Press Acclaim

Strings Magazine

November 1, 2021
"One of the greatest and most ambitious solo cello albums of all time."

August 18, 2021
"[G-Force] opens with long, elegiac string notes, but despite being described as a lamentation of sorts, it quickly becomes frenzied, frenetic and even fun...Prestini shrewdly uses the bounce of [the vibraphone]’s sound to play off the traditional string quartet’s textures."

Indie Opera Podcast

July 1, 2021
"This edition of 21c Liederabend bodes incredibly well for the future of art song. All the featured artists are people to look out for. Additionally, since this program is available online, anyone with an internet connection can view it. In that regard, it is truly the ultimate Schubertiades."

Opera News

July 1, 2021
"In [Jarful of Bees] mezzo-soprano Eve Gigliotti brings rich sound to the rangy, soaring vocal lines and to Royce Vavrek’s compact text."

San Francisco Classical Voice

June 28, 2021
"a grand peroration of bell-tolling chords and octaves"

Gapplegate Classical-Modern Music Review

June 23, 2021
"All the homages extend the legacy, bring it into a piano-centered present day and thereby give pianist Faliks a lengthy set of tone poems and active excitement that shows off her beautiful interpretive skills and brings us to the edge of our seats--or perhaps rather our piano benches!"

Lucid Culture

June 12, 2021
"Paola Prestini’s neoromantically-tinged triptych Ondine: Variations on a Spell begins with the broodingly impressionistic low-midrange Water Sprite, followed by the Bell Tolls, with a long upward drive from nebulosity to an anthemic, glistening payoff. The finale, Golden Bees follows a series of anthemic, flickering cascades."

Classical Voice North America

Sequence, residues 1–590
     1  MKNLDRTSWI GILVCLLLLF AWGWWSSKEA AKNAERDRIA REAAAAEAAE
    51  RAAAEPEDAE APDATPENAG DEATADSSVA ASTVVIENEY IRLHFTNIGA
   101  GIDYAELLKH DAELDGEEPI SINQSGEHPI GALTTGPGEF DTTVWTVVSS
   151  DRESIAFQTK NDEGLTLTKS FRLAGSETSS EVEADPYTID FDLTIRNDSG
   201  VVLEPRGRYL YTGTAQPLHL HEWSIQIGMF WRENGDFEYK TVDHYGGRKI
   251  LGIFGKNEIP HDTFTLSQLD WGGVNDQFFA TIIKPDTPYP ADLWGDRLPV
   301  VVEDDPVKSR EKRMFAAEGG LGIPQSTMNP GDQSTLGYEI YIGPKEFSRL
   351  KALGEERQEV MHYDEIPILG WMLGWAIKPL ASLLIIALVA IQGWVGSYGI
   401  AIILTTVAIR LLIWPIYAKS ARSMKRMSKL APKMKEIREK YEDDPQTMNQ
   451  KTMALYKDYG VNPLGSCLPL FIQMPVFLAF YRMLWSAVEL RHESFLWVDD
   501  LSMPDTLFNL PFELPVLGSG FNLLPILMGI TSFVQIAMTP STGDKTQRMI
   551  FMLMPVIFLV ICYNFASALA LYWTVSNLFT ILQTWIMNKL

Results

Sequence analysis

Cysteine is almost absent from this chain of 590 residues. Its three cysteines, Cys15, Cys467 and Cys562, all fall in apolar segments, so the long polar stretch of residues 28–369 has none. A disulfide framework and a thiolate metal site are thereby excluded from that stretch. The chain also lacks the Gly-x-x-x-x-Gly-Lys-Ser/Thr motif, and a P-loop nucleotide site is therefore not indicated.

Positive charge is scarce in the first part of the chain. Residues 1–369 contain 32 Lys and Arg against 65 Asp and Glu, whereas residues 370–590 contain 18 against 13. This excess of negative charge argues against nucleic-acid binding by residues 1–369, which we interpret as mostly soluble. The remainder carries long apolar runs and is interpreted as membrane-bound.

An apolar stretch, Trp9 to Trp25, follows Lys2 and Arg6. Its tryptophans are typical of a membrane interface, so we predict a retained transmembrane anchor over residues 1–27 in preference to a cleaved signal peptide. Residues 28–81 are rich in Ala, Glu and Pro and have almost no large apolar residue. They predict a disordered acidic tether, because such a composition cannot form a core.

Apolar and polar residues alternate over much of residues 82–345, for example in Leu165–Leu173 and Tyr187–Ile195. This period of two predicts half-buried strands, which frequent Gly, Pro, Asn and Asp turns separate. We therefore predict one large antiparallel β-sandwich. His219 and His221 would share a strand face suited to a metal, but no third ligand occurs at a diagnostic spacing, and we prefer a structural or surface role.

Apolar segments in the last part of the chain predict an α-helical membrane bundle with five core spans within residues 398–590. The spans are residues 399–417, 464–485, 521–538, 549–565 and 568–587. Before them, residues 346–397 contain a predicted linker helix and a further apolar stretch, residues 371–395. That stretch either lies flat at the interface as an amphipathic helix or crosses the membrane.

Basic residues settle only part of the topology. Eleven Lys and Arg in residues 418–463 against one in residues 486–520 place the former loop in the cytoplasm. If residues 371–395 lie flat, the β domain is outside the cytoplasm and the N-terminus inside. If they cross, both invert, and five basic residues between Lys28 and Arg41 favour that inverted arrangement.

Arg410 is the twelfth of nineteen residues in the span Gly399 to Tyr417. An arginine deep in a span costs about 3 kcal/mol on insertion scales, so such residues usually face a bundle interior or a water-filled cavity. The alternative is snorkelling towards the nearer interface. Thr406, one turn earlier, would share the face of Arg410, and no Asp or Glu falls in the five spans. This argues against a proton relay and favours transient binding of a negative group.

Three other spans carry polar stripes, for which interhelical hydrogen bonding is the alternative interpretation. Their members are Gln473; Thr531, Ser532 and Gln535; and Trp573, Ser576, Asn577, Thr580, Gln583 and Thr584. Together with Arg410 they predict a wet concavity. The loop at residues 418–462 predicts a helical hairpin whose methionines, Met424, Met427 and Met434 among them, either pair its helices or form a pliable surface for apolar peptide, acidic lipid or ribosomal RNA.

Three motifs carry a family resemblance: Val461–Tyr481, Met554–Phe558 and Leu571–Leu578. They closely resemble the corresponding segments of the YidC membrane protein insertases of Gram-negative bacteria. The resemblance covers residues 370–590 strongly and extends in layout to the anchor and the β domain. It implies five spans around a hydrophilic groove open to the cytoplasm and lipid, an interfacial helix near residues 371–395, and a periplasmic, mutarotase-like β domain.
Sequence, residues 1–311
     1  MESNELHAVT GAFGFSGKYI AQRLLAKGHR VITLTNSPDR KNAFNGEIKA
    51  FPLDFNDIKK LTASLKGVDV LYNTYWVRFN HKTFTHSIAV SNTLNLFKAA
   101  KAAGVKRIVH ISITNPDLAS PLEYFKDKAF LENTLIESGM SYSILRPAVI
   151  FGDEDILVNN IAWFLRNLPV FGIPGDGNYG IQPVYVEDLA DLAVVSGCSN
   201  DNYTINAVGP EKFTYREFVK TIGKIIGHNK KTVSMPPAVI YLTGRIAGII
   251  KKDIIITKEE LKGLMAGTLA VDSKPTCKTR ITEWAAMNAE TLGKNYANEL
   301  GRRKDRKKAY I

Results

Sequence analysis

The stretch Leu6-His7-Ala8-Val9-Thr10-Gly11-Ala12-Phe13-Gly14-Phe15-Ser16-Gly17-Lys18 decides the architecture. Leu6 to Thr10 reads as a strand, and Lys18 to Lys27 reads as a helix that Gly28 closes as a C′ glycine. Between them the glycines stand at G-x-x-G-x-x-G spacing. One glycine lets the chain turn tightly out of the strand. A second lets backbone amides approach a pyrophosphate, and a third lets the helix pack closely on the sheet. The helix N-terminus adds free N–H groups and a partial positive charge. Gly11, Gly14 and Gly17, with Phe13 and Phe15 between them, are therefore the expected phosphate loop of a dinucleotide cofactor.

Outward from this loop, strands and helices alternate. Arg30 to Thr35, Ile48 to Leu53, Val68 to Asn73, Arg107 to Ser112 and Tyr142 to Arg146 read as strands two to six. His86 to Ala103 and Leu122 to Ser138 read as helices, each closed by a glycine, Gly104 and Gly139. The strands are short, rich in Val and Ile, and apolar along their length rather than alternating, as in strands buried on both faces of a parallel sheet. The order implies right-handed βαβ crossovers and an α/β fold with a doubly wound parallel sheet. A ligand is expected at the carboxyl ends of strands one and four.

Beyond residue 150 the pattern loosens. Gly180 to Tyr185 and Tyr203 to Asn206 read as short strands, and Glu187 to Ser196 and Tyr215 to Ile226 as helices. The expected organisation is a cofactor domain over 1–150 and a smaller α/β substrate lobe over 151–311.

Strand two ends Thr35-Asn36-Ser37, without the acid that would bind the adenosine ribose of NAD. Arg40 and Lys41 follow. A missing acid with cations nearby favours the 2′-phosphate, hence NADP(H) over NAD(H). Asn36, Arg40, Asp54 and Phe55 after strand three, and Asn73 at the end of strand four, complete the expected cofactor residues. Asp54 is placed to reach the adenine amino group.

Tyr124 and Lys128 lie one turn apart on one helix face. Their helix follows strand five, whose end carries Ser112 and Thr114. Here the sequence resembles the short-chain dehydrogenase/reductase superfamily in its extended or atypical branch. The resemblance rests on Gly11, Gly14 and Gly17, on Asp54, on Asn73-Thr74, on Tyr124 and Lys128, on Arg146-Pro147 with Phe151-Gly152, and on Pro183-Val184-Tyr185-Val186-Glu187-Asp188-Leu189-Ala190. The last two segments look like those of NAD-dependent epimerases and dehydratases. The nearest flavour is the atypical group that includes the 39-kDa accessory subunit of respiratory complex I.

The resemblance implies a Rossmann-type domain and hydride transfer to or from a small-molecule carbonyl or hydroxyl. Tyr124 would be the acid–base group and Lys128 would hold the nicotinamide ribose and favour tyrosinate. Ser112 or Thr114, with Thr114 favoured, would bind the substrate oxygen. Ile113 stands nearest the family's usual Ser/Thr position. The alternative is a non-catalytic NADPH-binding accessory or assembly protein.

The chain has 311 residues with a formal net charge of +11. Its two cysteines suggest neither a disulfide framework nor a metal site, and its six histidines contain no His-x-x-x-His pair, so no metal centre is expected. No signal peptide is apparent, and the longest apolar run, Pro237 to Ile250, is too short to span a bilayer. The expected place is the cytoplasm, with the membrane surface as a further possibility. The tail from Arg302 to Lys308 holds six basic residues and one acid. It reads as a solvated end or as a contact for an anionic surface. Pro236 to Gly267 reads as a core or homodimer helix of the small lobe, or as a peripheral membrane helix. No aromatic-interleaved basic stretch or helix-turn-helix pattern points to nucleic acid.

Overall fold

January 25, 2021
"As a musical documentary of emotion, Herrera and Prestini gathered more than 30 musicians from three continents for their cross-border album of original works, representing a feat that in itself defines the indefatigable spirit of women today."


December 11, 2020
"The Mexican singer Magos Herrera and the New York-based composer Paola Prestini have collaborated on a lovely new album called Con Alma – “With Soul.” The music draws on jazz, chamber music, and Latin song, without ever settling on any one of those things. After all, Herrera is a jazz singer who’s done a whole album with a string quartet, and Prestini is Artistic Director at National Sawdust, a venue that refuses to abide by stylistic boundaries."

The New York Times

December 7, 2020
Join dozens of musicians from around the world for “Con Alma,” a live performance adapted from the recent album of the same title created by the composers Paola Prestini and Magos Herrera.

The Washington Post

December 2, 2020
"an unstoppable force"

New York Magazine

November 25, 2020
"New York composer Paola Prestini and Mexico-based singer-songwriter Magos Herrera (plus a crew of musicians) used the lockdown to collaborate at a distance, and the result is a melancholy but uplifting quasi-cantata full of bird calls, phone calls, and calls across frozen borders."


November 22, 2020
"The piece [G-Force], composed as a tribute to the close friend named in the title, is a real mood-spinner and makes full use of each instrument’s voice."


February 13, 2020
Prestini’s Thrush Song incorporated the words of author and environmentalist Rachel Carson delivered both by Carson on tape and soprano Lucy Dhegrae, who proved a strong dramatic interpreter on top of her talents as a singer. Prestini played voice against strings, with percussion, to craft an exceptionally literate work. Thematic lines built in a coherent progression, phrases making paragraphs, resounding in a remarkable disruption. Prestini didn’t just give voice to another American heroine, but also to the birds that woman strived to save.